Japan Price Growth Accelerates Ahead of BOJ Inflation Update

Japan’s consumer prices advanced at a faster clip in June in another indication of lingering stickiness in inflation ahead of next week’s Bank of Japan meeting, although economists forecast a slowdown in coming months.

(Bloomberg) — Japan’s consumer prices advanced at a faster clip in June in another indication of lingering stickiness in inflation ahead of next week’s Bank of Japan meeting, although economists forecast a slowdown in coming months.

Prices excluding those for fresh food gained 3.3% from a year ago, accelerating a tad from the rise in May as energy prices were less of a drag on inflation, the internal affairs ministry reported Friday. A deeper measure of the inflation trend that also excludes energy decelerated to 4.2% after reaching the highest in more than 40 years in the previous month. Both figures matched consensus.

The data may complicate BOJ Governor Kazuo Ueda’s position as he continues to back the case for persistent monetary stimulus. The central bank is expected to hold its main policy settings steady when board members meet July 27-28, although a minority of analysts see the BOJ tweaking its yield curve control program.

“The current strong reading of CPI doesn’t mean the BOJ will make major policy changes,” said Masamichi Adachi, economist at UBS Securities. “It’s pretty clear that inflation will slow from here as import-driven price gains taper off,” he said, adding that he nevertheless still believes the central bank may tweak its YCC mechanism next week.

The bank is seen raising its consumer inflation forecast for the current fiscal year to 2.3% at next week’s meeting, from the current 1.8%, according to a Bloomberg News survey of economists. Ueda has justified retaining an ultra-easy monetary stance on the premise that the recent pace of price gains isn’t sustainable. 

The government raised its overall inflation forecast for this fiscal year to 2.6% on Thursday.

The nationwide CPI gauge came after the reading for the Tokyo area showed a re-acceleration of price momentum due in part to utility rate hikes after the government gave power operators approval to raise rates from June. 

What Bloomberg Economics Says…

“The Tokyo CPI report for July will be released next Friday, hours before the Bank of Japan’s meeting. We expect that to show inflation pulling back further.”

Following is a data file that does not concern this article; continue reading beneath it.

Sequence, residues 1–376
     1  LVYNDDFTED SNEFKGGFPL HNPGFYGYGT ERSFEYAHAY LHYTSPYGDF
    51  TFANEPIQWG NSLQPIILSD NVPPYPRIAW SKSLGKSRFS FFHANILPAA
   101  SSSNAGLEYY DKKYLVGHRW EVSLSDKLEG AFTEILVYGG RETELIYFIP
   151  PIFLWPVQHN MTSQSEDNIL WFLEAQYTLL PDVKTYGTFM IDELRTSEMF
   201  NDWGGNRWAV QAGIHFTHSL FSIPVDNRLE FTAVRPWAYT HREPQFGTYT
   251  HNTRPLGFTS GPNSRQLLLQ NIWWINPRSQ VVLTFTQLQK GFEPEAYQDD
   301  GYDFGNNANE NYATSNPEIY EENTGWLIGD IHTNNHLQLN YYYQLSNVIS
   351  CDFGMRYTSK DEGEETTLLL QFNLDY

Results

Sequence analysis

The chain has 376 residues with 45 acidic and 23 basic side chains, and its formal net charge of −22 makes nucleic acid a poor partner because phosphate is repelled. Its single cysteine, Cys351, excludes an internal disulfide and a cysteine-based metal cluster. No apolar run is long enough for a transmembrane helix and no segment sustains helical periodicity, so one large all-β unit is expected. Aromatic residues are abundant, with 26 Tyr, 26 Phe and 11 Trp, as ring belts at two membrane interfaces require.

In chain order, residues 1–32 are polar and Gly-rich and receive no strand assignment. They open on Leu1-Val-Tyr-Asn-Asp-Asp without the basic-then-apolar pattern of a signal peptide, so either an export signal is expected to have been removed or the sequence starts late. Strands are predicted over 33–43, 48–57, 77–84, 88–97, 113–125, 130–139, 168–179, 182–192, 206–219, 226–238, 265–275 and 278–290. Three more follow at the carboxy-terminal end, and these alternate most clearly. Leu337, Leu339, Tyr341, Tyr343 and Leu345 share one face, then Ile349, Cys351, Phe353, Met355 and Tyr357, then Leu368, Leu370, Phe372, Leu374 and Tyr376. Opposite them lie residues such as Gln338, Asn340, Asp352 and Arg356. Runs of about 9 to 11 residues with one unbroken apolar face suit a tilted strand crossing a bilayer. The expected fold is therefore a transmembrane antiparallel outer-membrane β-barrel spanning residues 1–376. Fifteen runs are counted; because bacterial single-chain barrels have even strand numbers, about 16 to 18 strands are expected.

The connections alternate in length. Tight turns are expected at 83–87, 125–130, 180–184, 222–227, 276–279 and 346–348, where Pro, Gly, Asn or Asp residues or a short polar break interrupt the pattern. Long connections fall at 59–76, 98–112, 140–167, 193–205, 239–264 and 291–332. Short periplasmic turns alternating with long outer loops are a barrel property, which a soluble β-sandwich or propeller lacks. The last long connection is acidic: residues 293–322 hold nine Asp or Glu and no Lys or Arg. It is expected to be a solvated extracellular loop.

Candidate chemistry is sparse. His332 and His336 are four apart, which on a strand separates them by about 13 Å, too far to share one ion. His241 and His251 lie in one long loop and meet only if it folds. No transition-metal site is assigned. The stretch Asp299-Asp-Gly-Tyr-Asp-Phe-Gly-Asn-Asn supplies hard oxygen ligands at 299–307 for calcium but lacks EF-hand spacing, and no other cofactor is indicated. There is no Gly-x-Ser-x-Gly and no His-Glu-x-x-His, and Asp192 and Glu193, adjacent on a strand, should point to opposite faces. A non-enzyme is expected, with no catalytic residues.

— Taro Kimura, economist

For the full report, click here. 

At the same time, a series of government price relief measures has been one of the key factors keeping a lid on the inflation trend. Whether to extend the electricity and gas subsidies, set to expire in September, has been a contentious issue among government officials recently. Some members of an advisory panel recommended Thursday that the government gradually eliminate the price relief package.  

There are signs upward pressure on prices may be easing in some parts of the economy. The pace of gains in the nation’s producer prices decelerated in June to 4.1% from a year earlier, the slowest since April, 2021.

The core core gauge, which excludes fresh food and energy, decelerated for the first time since it turned positive in April 2022.

“The core core CPI slowed for the first time in a while, showing that the momentum of businesses passing on their costs to consumers is starting to peak out,” said Takeshi Minami, chief economist at Norinchukin Research Institute. “The pace of deceleration is still unclear but we are likely to see a clear slowdown around this fall.”

Japan posted its first trade surplus in almost two years last month largely due to a drop in the value of energy imports as prices fell. That helped offset the upward pressure on import costs from a falling yen, which traded 6.8% weaker in June compared with a year earlier, according to Ministry of Finance calculations.

Still, Japan’s consumer inflation is looking relatively persistent in a global context. The US inflation rate slid to a more than two-year low in June, while Britain’s inflation rate slowed in the same month to the lowest in 15 months. Europe’s headline inflation rate has almost halved from its 10.6% peak, and China faces the risk of deflation as its economic recovery sputters.

Meanwhile, prices of processed food continued to rise at the fastest clip in nearly 50 years, at 9.2%. 

A Teikoku Databank report said rises in food prices may level off around October, as consumers become more wary of higher costs for necessities. The data firm estimates that the prices for about 1,000 food items, particularly alcohol, won’t go any higher this year, signaling that cost-driven inflation may be peaking.

–With assistance from Toru Fujioka.

(Updates with economist’s comments, further details.)

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